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China human rights record stirs struggle at home

February 10, 2009

Sun Feb 8, 2009 11:43pm EST

By Chris Buckley

BEIJING (Reuters) - China defends its handling of human rights under the
glare of international scrutiny this week, while homegrown activists are
waging their own scrappier battle over secretive detentions in the
nation's capital.

A meeting of the U.N. Human Rights Council starting in Geneva on Monday
gives groups and governments a chance to press Beijing on secretive
executions and jailed dissidents as well as labor camps and other forms
of detention.

Yet contention over China's restrictions on its citizens is not confined
to international conference rooms. Activists at home have also been
galvanized, most recently against what locals call "black jails" --
detention centers holding protesters without official procedures or
right to appeal.

"These black jails are clearly against the law. But local officials call
them legal study classes, and that shows how they treat the law as just
a tool for abusing rights," said Zhang Jianping, an activist in eastern
Jiangsu province who runs a website focused on grassroots rights issues.

Despite the ruling Communist Party's censorship and crackdowns on
dissent, demands for rights are spreading throughout this increasingly
diverse and fractious society.

Some rights advocates said the detentions should be a top issue at the
three-day U.N. "universal periodic review" of China, which opens while
some countries may be more focused on Beijing's potential role in
reviving the global economy.

"In a sense, this is the biggest human rights issue, because it involves
so many people, it's so widespread, and it's so lacking in legal
justification," said Xu Zhiyong, a Beijing law lecturer and rights
advocate who has organized "guerrilla" citizen rescues of detained
petitioners.

"LAW EDUCATION CLASS"

Zheng Dajing, from central Hubei province, said the detention center he
was held in was called a "law education class" on banners inside its
small grounds. But there were no textbooks or lectures in the disused
tobacco-buying station in his home county of Yunxi that he said became
his jail for over a year.

"A banner inside said it was for us to learn about the legal system. But
there was no study or law in there," said Zheng, a plump 46-year-old
former bank clerk whose grievances snowballed from a row over home
ownership.

"The guards spent all day playing mahjong and cards."

He was one of many tens of thousands of citizens who every year travel
to Beijing to complain at government "petitions and appeals" offices
promising to help settle citizens' grievances.

But few complaints are resolved and the petitioners' rancor and
persistence often deepen. Local governments sometimes use police and
hired thugs to lure, cajole or drag petitioners away from government
offices, where their complaints may embarrass local leaders and stain
their promotion prospects.

The aggrieved farmers, workers and pensioners are then held in the
unadvertised detention centers, many on Beijing's southern outskirts and
the backroads of other cities and towns. Zheng said he was hauled into
one such "black jail" in the capital, driven back to one in his hometown
and locked up until late last year.

"Local leaders want to protect themselves, so they try to hide us away,
hide away our complaints," said Zheng.

His claims were echoed by eight petitioners interviewed by Reuters. They
spoke of cramped, dank, sometimes violent holding yards or rooms, often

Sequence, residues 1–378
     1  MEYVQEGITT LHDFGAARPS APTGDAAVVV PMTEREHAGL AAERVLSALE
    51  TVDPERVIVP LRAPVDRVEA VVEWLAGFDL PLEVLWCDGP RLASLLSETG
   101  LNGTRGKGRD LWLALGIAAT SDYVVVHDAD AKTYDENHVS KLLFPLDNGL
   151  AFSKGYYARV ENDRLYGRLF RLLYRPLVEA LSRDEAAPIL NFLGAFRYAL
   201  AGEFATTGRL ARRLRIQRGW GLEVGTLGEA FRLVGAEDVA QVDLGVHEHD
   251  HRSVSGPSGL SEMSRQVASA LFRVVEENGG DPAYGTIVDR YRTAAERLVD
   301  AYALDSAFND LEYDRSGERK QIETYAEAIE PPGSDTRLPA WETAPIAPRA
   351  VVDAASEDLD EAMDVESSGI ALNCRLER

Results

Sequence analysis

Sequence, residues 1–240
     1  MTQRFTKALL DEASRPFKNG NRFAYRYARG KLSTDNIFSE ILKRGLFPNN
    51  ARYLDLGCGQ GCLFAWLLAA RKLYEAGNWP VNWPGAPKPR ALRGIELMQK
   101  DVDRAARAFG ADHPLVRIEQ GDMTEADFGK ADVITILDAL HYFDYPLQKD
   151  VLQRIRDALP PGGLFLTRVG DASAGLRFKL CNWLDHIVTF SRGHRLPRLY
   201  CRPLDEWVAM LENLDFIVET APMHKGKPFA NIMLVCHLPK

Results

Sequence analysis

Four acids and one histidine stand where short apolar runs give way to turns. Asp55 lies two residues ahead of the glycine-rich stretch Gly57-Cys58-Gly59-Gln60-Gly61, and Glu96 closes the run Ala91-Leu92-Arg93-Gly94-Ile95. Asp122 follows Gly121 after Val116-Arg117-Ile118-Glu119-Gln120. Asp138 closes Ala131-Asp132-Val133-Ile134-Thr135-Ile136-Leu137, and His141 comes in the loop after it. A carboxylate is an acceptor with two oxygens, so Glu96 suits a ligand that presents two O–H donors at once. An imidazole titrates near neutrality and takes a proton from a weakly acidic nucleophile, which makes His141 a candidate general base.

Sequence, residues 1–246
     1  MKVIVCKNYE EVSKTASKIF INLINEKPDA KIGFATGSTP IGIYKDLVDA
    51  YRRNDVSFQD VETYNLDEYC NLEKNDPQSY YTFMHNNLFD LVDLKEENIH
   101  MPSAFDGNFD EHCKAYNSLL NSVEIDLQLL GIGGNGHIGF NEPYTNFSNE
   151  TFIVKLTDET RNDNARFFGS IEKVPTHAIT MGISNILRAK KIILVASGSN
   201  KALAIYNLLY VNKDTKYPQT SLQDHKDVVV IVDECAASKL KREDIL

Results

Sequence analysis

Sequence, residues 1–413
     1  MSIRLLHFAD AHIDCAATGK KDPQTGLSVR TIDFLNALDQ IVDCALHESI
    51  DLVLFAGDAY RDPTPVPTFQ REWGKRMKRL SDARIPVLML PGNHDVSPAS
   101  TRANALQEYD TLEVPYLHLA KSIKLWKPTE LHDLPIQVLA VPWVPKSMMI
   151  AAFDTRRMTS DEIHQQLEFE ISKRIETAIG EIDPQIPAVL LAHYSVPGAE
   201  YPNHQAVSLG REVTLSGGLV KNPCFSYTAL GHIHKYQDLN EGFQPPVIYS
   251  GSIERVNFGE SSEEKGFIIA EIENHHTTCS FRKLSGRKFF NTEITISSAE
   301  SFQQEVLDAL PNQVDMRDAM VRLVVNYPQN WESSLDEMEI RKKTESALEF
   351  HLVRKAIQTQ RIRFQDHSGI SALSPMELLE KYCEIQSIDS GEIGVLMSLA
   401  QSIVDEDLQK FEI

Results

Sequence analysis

run by bosses who charge local governments to keep inmates out of sight
for days, weeks or months.

When called by Reuters, Yan Zhiping, the police chief of Yunxi, denied
petitioners were detained there in a "law education" center and said
they were all treated with "civility."

But three petitioners from Yunxi, found independently of Zheng, said
they were also held in the one-time tobacco station.

"The police told me I was there to learn the law. But they're the ones
who need to learn the law," said Yuan Rongbao, a middle-aged ex-soldier
from Yunxi who said he was also held in the station for a week last year
after going to Beijing to complain about the demolition of his home.

FIGHTING WITH VIDEO AND THE INTERNET

China says in its report to the U.N. meeting that it strictly limits
detentions. A chorus of Chinese lawyers and activists disagrees, and now
they are challenging the petitioner jails.

Since last year, Xu, the rights advocate, and an expanding team of
volunteers have been descending unannounced on some of Beijing's dozen
or more bigger petitioner jails, often kept down isolated byways, to
demand the release of detainees.

In one recent raid, 30 clean-cut protesters waved copies of China's laws
against unlawful jailing and aimed video cameras at startled guards.
Accounts and footage of their protests have spread over the Internet,
and with other critical reports they are raising pressure on officials,
said Xu.

"The black jails are still there and are still totally illegal, but we
think their violence has fallen and they don't beat us up like they did
when we started," he said. Rattled officials have sometimes released
petitioners, he added.

At peak times, such as during major political meetings, the larger
"underground" detention centers in Beijing alone hold many hundreds,
waiting to be shunted out of the capital, he estimated.

Teng Biao, a Beijing rights lawyer who has also joined the campaign
against the petitioner jails, said fighting such abuses needed both
domestic and international activism.

"We need external pressure and scrutiny," he said. "But the real
improvements will need domestic breakthroughs, domestic campaigns.
Without that, human rights can't lay down firm roots."

(Editing by Nick Macfie and Dean Yates)
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